What Makes A Good Teacher?
Marie F. Hassett, Ph.D.
Bricolage, Inc., Jamaica Plain, MA
I have been
teaching for the last ten years. During that time, I have workedin
public schools, universities, extracurricular programs for K-12,
adult basic literacy, and adult enrichment classes. My youngest
student was a 6 year-old budding actress in a town-sponsored arts
enrichment program for elementary students; my oldest, a Jamaican
immigrant, a grandmother beginning at the age of 63 to learn how
to read. I've taught honors students in a college humanities program,
and severely handicapped youth in a public high school.
The breadth of my experience has enriched my teaching life, but
left me without a luxury some of my colleagues enjoy-the sense,
as I walk into a new class, for a new term, that I know what my
students will need, and how best to share it with them. This is
not to say that I've been tossed blind into the classroom. In most
cases, I've had enough prep time to gather what seem like appropriate
materials, and find out something about the students I'll be working
with. What I have not had is the critical mass of sameness that
accrues to the teacher who stays in the same setting, at the same
level, for many years in a row. I cannot assume that what worked
last semester will work this time.
As a result of my ever-changing context, I've spent a lot of time
thinking about the craft and practice of teaching, as separate from
course content, age of students, size of class, or institutional
setting. Everywhere I go, I meet exemplary teachers, and I've been
interested in figuring out what makes them so good. What I've discovered
is the inherent sameness of good teachers, regardless of the substantial
differences between them in terms of style, personality, goals,
and pattern of interaction with students. I would go so far as to
say that good teachers, in all settings and at all levels, have
more in common with each other than any of them may have with their
colleagues in comparable positions.
In order to understand the bold statement above, try the following
exercise. Sit back, close your eyes, and bring to mind the three
best teachers you ever had. Try to remember what they were like-how
they looked, talked and acted, what their classrooms and/or offices
were like, how they made you feel as their student. When you're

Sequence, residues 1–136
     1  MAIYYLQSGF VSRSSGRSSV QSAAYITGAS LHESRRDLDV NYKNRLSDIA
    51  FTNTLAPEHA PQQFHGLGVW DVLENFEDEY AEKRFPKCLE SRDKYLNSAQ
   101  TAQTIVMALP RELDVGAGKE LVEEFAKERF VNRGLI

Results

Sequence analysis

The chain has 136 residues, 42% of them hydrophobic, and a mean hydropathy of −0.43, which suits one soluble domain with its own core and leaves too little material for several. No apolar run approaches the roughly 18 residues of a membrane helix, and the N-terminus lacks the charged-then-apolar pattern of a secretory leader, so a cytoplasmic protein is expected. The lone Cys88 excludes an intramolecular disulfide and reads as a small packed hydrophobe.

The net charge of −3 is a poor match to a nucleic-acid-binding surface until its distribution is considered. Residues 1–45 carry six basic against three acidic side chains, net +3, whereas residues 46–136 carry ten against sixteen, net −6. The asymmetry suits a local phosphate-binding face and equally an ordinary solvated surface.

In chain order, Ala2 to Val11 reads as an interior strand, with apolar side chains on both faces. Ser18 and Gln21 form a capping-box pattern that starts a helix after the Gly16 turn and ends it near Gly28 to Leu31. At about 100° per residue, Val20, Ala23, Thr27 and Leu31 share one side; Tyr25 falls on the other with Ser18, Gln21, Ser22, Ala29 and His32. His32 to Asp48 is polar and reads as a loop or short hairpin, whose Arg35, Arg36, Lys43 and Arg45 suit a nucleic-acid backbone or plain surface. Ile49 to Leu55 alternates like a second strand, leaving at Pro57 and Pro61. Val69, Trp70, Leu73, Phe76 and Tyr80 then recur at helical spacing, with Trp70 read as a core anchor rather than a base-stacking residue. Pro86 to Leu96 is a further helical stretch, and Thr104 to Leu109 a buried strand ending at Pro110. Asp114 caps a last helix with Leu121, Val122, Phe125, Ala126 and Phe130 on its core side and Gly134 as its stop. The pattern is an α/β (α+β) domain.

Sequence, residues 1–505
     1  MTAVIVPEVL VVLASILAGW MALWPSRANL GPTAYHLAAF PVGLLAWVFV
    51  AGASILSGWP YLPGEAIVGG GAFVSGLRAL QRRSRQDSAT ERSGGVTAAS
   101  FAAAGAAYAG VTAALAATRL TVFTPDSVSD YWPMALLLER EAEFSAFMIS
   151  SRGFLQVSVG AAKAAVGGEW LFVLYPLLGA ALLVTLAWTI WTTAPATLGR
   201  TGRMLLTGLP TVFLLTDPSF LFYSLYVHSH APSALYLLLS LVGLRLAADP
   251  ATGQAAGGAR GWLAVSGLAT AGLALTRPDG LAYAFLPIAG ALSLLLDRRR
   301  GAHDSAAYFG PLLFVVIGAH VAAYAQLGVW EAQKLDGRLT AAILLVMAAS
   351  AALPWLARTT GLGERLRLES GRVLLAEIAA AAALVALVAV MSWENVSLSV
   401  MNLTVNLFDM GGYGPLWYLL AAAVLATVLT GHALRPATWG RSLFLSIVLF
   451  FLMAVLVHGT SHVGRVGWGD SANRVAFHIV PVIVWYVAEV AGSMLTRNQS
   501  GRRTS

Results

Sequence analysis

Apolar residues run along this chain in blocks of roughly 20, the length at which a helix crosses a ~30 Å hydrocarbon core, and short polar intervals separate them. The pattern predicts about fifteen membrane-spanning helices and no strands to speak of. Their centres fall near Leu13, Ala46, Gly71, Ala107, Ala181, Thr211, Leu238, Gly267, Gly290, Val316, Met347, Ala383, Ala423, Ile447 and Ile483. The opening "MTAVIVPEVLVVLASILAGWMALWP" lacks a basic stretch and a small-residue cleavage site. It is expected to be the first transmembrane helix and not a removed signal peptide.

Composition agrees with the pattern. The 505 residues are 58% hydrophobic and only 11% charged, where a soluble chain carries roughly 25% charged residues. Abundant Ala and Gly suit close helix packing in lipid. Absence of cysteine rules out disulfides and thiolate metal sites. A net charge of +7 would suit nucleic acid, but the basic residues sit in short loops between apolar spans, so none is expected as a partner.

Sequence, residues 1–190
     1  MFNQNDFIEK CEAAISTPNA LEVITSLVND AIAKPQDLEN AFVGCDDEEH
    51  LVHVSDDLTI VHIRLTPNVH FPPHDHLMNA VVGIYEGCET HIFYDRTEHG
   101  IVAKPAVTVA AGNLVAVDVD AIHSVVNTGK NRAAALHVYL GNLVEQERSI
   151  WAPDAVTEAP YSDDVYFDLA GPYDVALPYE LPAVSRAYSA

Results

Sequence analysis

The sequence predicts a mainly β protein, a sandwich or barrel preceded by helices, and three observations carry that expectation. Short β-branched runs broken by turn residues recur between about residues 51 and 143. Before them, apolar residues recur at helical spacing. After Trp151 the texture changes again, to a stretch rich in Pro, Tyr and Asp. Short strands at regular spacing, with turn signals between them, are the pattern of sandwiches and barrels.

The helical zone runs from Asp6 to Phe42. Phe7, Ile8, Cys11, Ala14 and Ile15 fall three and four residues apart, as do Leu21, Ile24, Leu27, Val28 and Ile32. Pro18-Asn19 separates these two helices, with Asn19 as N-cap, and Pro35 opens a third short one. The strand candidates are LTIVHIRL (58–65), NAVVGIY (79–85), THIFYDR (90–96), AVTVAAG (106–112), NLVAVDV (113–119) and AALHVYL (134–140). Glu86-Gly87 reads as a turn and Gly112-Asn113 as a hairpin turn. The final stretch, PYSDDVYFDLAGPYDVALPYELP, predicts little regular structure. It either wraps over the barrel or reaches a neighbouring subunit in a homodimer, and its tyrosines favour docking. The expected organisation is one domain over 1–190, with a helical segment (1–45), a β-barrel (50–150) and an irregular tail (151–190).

satisfied that you've gotten a good picture of who these people
were, open your eyes, and consider the words of educator and philosopher
Good teaching isn't about technique. I've asked students
around the country to describe their good teachers to me. Some
of them describe people who lecture all the time, some of them
describe people who do little other than facilitate group process,
and others describe everything in between. But all of them describe
people who have some sort of connective capacity, who connect
themselves to their students, their students to each other, and
everyone to the subject being studied. (1999, p. 27)
Do you recognize your best teachers in this description? When we
talk about the quality of someone's teaching, we address issues
of technique, content, and presentation. But we all know people
who have tremendous knowledge but fail to communicate it: people
who have, on paper, a great lesson, but whose students are bored
or frustrated. When we're being honest, we admit that good teaching
often has less to do with our knowledge and skills than with our
attitude towards our students, our subject, and our work.
The rest of this article will address some of the characteristics
that good teachers exhibit. It is not meant to be all encompassing
or definitive; many excellent teachers may possess only some of
these traits, and consider others not mentioned to be just as valuable.
The characteristics detailed here may be viewed simply as a selection
of tools that allow teachers to create and sustain connectivity
in their classrooms.
have a sense of purpose;
have expectations of success for all students;
demonstrate a willingness to adapt and change to meet
are comfortable with not knowing;
reflect on their work;
learn from a variety of models;
enjoy their work and their students.
Good teachers have
a sense of purpose.
You can't be good in a generic sense; you have to be good for something.
As a teacher, this means that you know what your students expect,
and you make plans to meet those expectations. You, too, have expectations
about what happens in your classroom, based on the goals you're
trying to achieve. If you want to prepare your students for employment,
you expect punctuality and good attendance. If you teach a GED class,
you spend time explaining the format of the test and helping students
to improve their test-taking skills. And if you want your students
to become better, more involved readers, you allow time for reading
and provide access to books.
Good teachers have
expectations of success for all students.
This is the great paradox of teaching. If we base our self-evaluation
purely on the success of our students, we'll be disappointed. At
all levels, but especially in adult education, there are simply
too many factors in students'lives for a teacher to be able to guarantee
success to all. At the same time, if we give up on our students,
adopting a fatalistic, "it's out of my hands" attitude, students
will sense our lack of commitment and tune out. The happy medium
can be achieved with a simple question: Did I do everything that
I could in this class, this time, to meet the needs of all my students,
assuming that complete success was possible? As long as you can
answer in the affirmative, you're creating a climate for success.
Good teachers know
how to live with ambiguity.
One of the greatest challenges of teaching stems from the lack of
immediate, accurate feedback. The student who walks out of your
classroom tonight shaking his head and muttering under his breath